Five Luxurious Hotels That Don’t Make Accessibility A Luxury
The Grand Master Suite at the Bio Habitat Hotel, Columbia. Photograph courtesy of Bio Habitat Hotel
At any given time, 20 per cent of people across the globe have some sort of physical impairment – whether that be hearing or sight loss, mobility problems and many others.
You wouldn’t know it if you picked up most travel magazines or visited hotel websites. The needs of disabled people often just don’t seem to figure in the travel world. But that absurdity is increasingly being addressed by hotels that are changing their approach to inclusivity in an increasingly positive manner. Few, if any, are perfect but undoubtedly the direction of inclusivity in the travel industry, as it were, is on the up. From in-house inclusivity champions to virtual pre-arrival tours so those with accessibility issues can check the place out, many luxury hotels around the world are taking steps to welcome whoever would like to visit.
Below are five hotels that take inclusivity seriously – though, as ever, we would recommend contacting the hotels in advance to discuss specific needs.
Castilla Termal Monasterio de Valbuena, Spain
Photograph courtesy of Castilla Termal Monasterio de Valbuena
The Castilla Termal Monasterio de Valbuena might be housed, as its name suggests, in the 12th-century Cistercian Monastery of Santa Maria de Valbuena – but it takes a forward-thinking approach to accessibility. As the hotel says, it wants all guests to feel welcome, which means a wide range of measure has been instituted in recent refurbishments. There are a number of wheelchair-friendly guest rooms, with specially designed showers and a fire-signalling system installed in the room and bathroom. All physical barriers have been removed in every part of the hotel, there are dedicated disabled parking spaces and all toilets are wheelchair friendly. The spa – with its thermal pool, perhaps the crowning glory of the place – is fully accessible with a hydraulic chair.
What to pack
Bio Habitat Hotel, Colombia
Grand Master Suit Bedroom. Photograph courtesy of Bio Habitat Hotel
Bio Habitat has the look and feel of a hotel that is wholly remote from the world, which, for some, can bring concerns as to accessibility, but it is actually a mere 20 minutes’ drive from the airport and 10 minutes from Armenia city. Two suites are directly accessible from the parking area, which cuts down on the hassle. And there are no architectural barriers – especially steps – between the restaurant, gardens (that feature orchards and fire pits), and the lobby area. The wellness centre, which is a five-minute walk from the main building, will have a dedicated golf buggy to ferry over those who require a lift. It is one of the more accessible hotels in this part of Colombia and great for those with a want for some adventure.
What to pack
Amilla Maldives Resort, Maldives
Beach Pool Villa. Photograph courtesy of Amilla Maldives
Resort hotels often can present problems for those with additional physical needs – the sandy paths, the jetty access points, the endless steps, to name just a few. Amilla Maldives has done away with all that to become the World’s First Accessibility and Inclusion Certified Resort. It was given this rating by Inclucare owing to the vast array of improvement it has recently made, including the removal of architectural impediments, accessible bathrooms, beach wheelchairs and floating wheelchairs for the pool. Leisure activities are also inclusive with adaptive yoga and snorkelling and sensory journeys through the jungle. There are also calming spaces with regulated sensory inputs for those on the autism spectrum or with dementia. A truly inspirational hotel.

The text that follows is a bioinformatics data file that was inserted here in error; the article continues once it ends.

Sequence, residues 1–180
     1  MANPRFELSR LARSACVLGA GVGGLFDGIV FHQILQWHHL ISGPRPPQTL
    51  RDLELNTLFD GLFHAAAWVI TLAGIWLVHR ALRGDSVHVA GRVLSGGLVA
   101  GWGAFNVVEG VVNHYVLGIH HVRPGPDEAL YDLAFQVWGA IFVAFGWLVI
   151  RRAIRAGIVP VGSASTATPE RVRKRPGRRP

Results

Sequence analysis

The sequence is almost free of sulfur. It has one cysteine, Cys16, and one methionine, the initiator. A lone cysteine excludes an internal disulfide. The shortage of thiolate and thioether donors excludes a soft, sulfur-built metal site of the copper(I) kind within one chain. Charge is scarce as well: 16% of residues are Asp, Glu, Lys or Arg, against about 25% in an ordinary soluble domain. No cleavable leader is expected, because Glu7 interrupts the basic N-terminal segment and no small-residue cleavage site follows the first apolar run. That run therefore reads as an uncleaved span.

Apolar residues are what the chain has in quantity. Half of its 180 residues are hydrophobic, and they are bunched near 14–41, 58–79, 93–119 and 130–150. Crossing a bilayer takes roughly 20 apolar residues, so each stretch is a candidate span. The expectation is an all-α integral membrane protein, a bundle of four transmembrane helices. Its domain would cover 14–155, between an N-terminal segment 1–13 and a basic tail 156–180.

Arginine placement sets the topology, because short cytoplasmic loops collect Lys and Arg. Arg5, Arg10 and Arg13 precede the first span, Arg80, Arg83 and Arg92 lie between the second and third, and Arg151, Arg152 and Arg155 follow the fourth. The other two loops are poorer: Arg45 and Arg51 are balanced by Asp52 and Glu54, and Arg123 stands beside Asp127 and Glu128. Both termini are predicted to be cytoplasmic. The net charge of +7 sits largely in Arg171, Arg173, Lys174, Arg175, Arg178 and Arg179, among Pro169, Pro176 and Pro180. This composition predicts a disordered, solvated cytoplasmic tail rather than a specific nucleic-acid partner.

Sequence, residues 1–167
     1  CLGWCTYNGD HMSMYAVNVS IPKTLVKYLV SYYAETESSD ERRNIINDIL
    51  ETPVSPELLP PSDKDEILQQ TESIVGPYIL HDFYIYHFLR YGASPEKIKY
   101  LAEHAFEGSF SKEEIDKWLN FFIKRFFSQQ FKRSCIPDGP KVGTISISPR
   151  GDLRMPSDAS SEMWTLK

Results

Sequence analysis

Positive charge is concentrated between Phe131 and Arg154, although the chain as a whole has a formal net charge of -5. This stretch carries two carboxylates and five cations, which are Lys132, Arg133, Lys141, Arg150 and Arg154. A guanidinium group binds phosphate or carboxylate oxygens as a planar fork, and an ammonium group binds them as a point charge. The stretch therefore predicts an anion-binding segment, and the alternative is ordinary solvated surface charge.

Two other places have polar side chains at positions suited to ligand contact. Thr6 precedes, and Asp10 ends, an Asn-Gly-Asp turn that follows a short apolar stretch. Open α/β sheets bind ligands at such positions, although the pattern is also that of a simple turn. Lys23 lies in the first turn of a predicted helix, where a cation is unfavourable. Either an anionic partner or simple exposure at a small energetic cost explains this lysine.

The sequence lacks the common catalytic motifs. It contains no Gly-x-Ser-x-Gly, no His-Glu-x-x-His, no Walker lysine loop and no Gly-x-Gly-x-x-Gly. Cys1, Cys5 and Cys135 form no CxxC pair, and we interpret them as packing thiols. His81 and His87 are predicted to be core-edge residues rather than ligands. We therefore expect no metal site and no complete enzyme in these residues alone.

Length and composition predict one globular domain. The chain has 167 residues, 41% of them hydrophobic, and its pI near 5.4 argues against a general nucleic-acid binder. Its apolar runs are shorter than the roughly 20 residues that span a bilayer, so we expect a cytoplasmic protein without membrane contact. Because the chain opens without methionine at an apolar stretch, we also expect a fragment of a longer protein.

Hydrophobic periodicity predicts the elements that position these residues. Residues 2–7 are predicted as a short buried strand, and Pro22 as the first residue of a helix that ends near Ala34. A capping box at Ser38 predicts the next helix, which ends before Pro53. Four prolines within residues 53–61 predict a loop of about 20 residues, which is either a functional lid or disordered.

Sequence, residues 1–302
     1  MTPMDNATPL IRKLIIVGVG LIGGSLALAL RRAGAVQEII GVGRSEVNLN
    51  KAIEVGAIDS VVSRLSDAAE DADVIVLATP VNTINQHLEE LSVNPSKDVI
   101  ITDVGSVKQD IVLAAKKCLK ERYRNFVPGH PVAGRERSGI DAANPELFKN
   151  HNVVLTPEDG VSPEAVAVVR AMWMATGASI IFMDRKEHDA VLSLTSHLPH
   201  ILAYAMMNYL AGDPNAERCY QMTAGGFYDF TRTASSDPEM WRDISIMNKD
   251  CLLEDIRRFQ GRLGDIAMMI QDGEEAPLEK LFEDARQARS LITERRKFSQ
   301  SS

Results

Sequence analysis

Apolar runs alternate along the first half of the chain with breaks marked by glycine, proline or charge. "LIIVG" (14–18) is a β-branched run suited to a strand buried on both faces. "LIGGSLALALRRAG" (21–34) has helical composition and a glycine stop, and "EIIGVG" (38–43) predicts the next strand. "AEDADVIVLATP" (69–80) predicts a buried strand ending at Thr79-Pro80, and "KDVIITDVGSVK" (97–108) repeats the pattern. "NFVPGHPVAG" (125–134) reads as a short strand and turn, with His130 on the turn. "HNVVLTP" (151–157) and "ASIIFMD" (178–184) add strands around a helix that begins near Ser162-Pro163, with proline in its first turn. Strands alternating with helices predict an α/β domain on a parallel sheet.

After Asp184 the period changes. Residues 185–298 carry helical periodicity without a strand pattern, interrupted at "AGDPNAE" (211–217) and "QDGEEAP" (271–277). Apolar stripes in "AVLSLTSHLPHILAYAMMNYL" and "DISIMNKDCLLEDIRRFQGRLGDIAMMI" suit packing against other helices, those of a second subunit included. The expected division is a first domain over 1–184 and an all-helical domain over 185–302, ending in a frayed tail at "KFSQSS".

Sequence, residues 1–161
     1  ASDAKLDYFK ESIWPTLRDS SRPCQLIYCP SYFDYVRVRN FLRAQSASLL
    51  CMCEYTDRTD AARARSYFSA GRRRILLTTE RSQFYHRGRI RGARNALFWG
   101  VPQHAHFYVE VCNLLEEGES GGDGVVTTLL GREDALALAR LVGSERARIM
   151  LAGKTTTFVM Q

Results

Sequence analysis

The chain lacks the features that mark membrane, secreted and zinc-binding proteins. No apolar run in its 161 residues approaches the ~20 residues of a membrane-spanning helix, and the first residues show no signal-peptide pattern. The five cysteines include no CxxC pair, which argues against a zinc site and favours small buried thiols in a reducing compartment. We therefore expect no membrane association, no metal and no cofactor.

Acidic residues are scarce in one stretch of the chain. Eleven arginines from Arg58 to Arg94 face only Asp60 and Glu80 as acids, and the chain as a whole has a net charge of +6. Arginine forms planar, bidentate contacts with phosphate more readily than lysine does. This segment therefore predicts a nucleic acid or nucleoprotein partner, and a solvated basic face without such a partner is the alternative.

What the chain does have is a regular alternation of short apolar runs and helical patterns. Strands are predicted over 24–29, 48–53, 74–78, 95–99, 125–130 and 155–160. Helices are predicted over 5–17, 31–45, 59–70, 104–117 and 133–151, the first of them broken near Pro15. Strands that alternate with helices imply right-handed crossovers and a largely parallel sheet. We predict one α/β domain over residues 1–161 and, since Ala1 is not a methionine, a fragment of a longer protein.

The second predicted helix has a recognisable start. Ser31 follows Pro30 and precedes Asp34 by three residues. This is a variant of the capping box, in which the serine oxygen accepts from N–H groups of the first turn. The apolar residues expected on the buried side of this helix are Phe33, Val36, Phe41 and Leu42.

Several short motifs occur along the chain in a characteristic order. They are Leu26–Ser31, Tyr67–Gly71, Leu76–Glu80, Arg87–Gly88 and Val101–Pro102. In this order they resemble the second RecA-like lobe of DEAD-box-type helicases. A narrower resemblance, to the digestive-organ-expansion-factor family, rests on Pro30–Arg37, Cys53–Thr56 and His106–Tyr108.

What to pack
Hotel Brooklyn, Manchester, UK
Liberty Room. Photograph courtesy of Hotel Brooklyn
On the website of the Hotel Brooklyn, there is a special Accessibility Gallery, which allows potential guests the ability to virtually travel through the hotel and see what support features are available at all points. And, well, there are many because Brooklyn worked with accessible design specialists Motionspot to make sure the hotel was totally inclusive. Staff are all trained to support guests with physical, cognitive and sensory needs. There are also 18 specially adapted rooms with track hoists and wet-room bathrooms (in which guests can borrow and use a waterproof wheelchair). Even the tiles were chosen to reduce glare for those who are photosensitive.
What to pack
The Londoner, London, UK
The Retreat Pool. Photograph by Mr Andrew Beasley, courtesy of The Londoner
Designed by the international design firm Yabu Pushelberg, the Londoner hotel in Leicester Square is quite the one-off. Aside from its enormous beauty, it features a full-scale, two-screen cinema. It also happens to be one of the more accessible hotels in London. The first thing to note is that many hotels tend to use the less agreeable rooms for guests who have accessibility needs – not so here, where the 18 specially designed rooms have some of the best views. All have level wet-room access, handrails on basins, shower seats that can be adjusted and ceiling track hoists. Every floor of the hotel also has a wheelchair accessible toilet, which is sadly rare in London.